People often underestimate the job of a medical receptionist. However, it is one of the most important roles in terms of patient satisfaction and the overall smooth running of an institution. This is because a medical receptionist is often the first face patients are greeted with upon entering.
As patients could be coming in for a first-time procedure, nerve-wracking test results, or even supporting a friend or loved one who is facing illness, it is therefore imperative for this first face to be a friendly and welcoming one.
Hospitals and medical centres are already daunting and overwhelming places, and having someone greet you with a smile and a friendly manner can make a world of difference to a patient’s experience.
If this role sounds like something that appeals to you, then hang tight. In this blog, we will take you through a more detailed medical receptionist job description outline and how to go about entering this field of work.
What does being a medical receptionist entail?
The clue is in the name, ‘medical reception’ – to receive someone in a medical setting. Receiving and welcoming patients, taking down their information and pointing them in the right direction with clear instructions is key to the job of a medical receptionist.
They are the people that keep waiting rooms organised, appointments in check and accounted for, and ensure that the appropriate information is communicated to whoever requires it.
Without them, it would be clinical chaos.
Apart from meet and greet, what do medical receptionists do? We are glad you asked…the answer is SO many things!
Here’s an overview of a medical receptionist’s typical responsibilities:
- Schedule appointments – taking down appointments and keeping a clear and organised schedule of all patient appointments, often in various departments, is one of the biggest demands of a medical receptionist.
- Process documents and data – medical receptionists deal with a LOT of paperwork, both written and electronic. And so a keen eye for keeping on top of the information of a multitude of patients and departments is paramount to running things smoothly.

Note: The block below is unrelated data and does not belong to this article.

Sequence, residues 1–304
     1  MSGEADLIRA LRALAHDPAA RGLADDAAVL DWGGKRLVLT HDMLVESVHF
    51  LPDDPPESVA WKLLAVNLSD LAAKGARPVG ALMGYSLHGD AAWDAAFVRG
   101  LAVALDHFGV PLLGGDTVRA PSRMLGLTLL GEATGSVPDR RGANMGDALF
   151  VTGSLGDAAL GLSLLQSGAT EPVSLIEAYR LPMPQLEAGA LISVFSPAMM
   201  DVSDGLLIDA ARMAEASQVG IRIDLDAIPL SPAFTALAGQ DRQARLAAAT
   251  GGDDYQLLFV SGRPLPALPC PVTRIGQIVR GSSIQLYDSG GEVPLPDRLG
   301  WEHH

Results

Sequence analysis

- Maintaining up-to-date patient information – changes of address, allergy or illness statuses, medications; all these things and more can require us to update our medical records. And it is the job of a medical receptionist to ensure that these changes are correctly noted and processed into patient records.
- Type up doctors’ notes from sessions – another job that medical receptionists can require is transcribing session notes written by doctors or nurses. These will be typed up and entered into a patient’s medical file for clearer insight into past sessions and diagnoses.
- Patient reminders and follow-ups – you know those little text or email reminders that you get when you have an appointment coming up? Well, that is likely the work of a medical receptionist, aiming to ensure that patients turn up to their appointments so as to avoid wasted time or opportunities for patients on a waiting list.
- Connect multi-line calls through to the appropriate departments – hospitals, in particular, are usually large in size and thus have many, many departments. Receptionists are the first port of call to put you through to the correct department, making sure you get to speak to the relevant people for your enquiry.
- Deal with complaints, issues and enquiries – receptionists will manage complaints, issues, enquiries and requests raised by patients and the public alike, contacting the relevant departments to follow up on these issues and try to resolve them to the best of their ability. Medical reception can be challenging at times, and our US neighbours over at Micro MD outline some of the biggest challenges that medical receptionists face on the job.
- Maintain waiting area hygiene – particularly since the 2020 covid-19 pandemic, this has been of the utmost importance. Many medical receptionists will also still enforce the use of face masks in hospitals and doctor’s surgeries to protect more vulnerable patients.
Key traits of a medical receptionist
Think you’re cut out for the job of a medical receptionist?
Think you’ve got the stuff to be the front person of a healthcare institution?
Okay then – let’s get you kitted out!
Medical reception courses or other administrative courses are required in order to pursue this line of work. We have a host of administrative courses in our Small Business, Admin and Reception department which could help start you off on the road to reception success. However, if you have found yourself reading this particular blog, our medical receptionist course could be just the ticket.
Medical reception courses online will equip you will the skills and knowledge needed to succeed in a career working front of house in the healthcare industry, giving you all you need to know about administration and clerical tasks, computer and phone usage, dealing with patients, medical receptionist pay and medical receptionist salary, and much more.
Ours is one of the most comprehensive medical reception short courses on the market, each of our courses comes with a downloadable brochure with further information and guidance on course free payment plans, course content and modules, as well as how we work using our online learning systems.
So what are you waiting for? Enrol today and discover your potential.